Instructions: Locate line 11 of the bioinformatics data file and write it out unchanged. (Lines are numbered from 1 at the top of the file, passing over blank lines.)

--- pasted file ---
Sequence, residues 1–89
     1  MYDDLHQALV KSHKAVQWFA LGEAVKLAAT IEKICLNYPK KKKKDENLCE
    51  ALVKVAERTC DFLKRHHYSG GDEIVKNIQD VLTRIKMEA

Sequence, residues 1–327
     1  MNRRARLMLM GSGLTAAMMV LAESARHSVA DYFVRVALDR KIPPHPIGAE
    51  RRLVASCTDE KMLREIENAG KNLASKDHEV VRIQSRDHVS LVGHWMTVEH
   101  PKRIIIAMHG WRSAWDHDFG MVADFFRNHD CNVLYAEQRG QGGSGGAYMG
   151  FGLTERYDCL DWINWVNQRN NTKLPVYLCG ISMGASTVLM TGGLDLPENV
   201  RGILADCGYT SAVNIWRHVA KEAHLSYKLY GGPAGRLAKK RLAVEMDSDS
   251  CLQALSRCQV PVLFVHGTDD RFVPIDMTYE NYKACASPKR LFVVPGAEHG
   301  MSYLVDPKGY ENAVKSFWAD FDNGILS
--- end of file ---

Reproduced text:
   301  MSYLVDPKGY ENAVKSFWAD FDNGILS